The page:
But if you're noticing that names like Charlotte, Henry and Amelia seem to appear in a lot of your friends' birth announcements, you're onto something: These are three of the most popular names from 2019.

BabyNames.com has released a list of the top baby names of this year, and you may find a few of them (but not necessarily all of them!) a little surprising. 2018's biggest boy name, Atticus, dropped off the top 10 list. Also missing from this list? Sophia, the beautiful female name that has dominated on a global scale in previous years.

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But some names have held their popularity: Liam, Owen, Olivia and Violet are a few of the names that trended both last year and this year.

RANK

BOYS

GIRLS

1

Liam

Charlotte

2

Oliver

Amelia

3

Theodore

Violet

4

Declan

Aria/Arya

5

Henry

Aurora

6

Owen

Ava

7

Finn

Olivia

8

Caleb

Vivienne

9

Emmett

Hazel

10

Benjamin

Nora

The top name for baby boys probably won't come as a surprise to most. It's Liam, which has been a consistent powerhouse for a few years now. It's easy to see why—Liam is one of those names that everyone just loves. With that being said, if you're hoping to avoid giving your child a very common name, you may want to cross this one off the list, along with Oliver and Theodore (these were the top three boys' names). And if you're expecting a girl, forget about Charlotte, Amelia and Violet, which took the three top spots.

"It seems there is definitely a royal influence to baby names this year," says BabyNames.com founder and CEO, Jennifer Moss. "Both Liam and Charlotte are linked directly to the British Royal Family. Liam is a shorter version of the name William, like the Duke of Cambridge, and Charlotte is the name of his daughter."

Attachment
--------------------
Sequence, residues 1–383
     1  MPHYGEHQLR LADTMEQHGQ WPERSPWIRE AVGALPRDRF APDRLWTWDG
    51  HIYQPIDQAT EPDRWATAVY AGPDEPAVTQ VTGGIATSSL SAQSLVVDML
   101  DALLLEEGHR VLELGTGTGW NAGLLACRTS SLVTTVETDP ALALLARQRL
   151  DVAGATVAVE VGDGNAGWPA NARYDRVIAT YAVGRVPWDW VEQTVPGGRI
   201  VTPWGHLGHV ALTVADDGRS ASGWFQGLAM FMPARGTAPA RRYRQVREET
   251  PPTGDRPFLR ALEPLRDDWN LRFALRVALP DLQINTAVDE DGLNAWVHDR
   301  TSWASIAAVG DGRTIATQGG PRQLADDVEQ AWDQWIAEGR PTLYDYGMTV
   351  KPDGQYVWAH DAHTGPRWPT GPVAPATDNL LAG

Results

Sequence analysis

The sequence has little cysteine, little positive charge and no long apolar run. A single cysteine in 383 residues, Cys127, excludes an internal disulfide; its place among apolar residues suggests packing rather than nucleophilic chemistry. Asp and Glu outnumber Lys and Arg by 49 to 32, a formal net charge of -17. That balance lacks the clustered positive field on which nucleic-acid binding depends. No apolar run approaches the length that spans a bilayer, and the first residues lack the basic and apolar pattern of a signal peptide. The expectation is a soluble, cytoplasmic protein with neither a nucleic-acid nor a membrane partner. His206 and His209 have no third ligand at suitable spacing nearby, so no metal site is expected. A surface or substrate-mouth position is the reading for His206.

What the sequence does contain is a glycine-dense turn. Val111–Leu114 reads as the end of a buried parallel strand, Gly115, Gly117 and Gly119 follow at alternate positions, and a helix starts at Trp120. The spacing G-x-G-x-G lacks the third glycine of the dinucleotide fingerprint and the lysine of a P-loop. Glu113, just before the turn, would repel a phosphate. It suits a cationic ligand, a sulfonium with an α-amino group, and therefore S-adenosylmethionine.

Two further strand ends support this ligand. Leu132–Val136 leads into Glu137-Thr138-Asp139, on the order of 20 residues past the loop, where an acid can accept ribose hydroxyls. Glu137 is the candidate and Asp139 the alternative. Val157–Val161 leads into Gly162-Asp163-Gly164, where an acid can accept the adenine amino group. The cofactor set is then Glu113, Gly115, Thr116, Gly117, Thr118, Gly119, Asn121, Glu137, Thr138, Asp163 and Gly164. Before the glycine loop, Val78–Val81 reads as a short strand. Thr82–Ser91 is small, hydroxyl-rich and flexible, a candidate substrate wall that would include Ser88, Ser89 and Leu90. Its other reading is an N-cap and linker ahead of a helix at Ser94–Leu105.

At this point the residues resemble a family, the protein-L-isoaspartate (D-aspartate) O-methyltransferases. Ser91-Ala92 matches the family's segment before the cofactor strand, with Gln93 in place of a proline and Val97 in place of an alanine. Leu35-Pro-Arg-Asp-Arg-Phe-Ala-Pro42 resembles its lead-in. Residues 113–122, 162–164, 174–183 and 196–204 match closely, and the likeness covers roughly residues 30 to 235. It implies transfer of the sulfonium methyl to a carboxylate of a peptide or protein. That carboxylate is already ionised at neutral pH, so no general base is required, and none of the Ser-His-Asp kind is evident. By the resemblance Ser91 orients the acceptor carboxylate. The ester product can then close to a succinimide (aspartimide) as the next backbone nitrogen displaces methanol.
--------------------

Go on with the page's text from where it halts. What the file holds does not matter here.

Classic names that have always been incredibly popular are expected to become less common as well. "For 2020 and beyond we see some traditional Biblical names like David, Michael, and Luke dropping off the top 100. This is almost unprecedented," says Moss. "Those are being replaced with more unique Biblical names like Josiah, Gabriel, and Elijah."

Expect lots of nods to nature and flowers to become more popular in common years, with names like Violet, Iris, Juniper, Rose, Daisy and Dahlia gaining speed. Want to see how your child's name stacks up? Check out the full list of 2019's top baby names at BabyNames.com.

News

In a culture full of consumerism and competition, it can be difficult to remember to feel grateful and not stressed when preparing the "perfect" holidays for our kids. After all, we create the magic. But how often do we stop to think about what is really good in our lives? Probably not often, mama. Days are spent worrying about what we have to do next, what we haven't done yet, what we did do, but not well—especially during the holidays.

This stress can make us tense and anxious. Our bodies think we are in flight or flight and our nervous system kicks into overdrive, releasing adrenaline and cortisol to ensure we can deal with this stress. Adrenaline increases our heart rate, elevates our blood pressure and boosts our energy and cortisol, the stress hormone, increases blood sugar and enhances our brain's use of all that energy. This response is all well and good if we are really in danger, but too much for too long can weaken our immune system, affect our digestive system and weight, impair our reproductive systems, and may lead to heart problems.

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This natural alarm system also communicates with the parts of our brain that control mood and motivation—a sure formula for no fun when combined with the pressure of creating the perfect holidays.

Instead of feeling burdened, what if we choose to be grateful for all we have to do? We get to shop. We get to wrap. We get to decorate.

Psychologists say that we can switch or replace one thought with another. It takes practice—like all good things do—but taking a moment to switch from I have to, to, I get to, can make all the difference.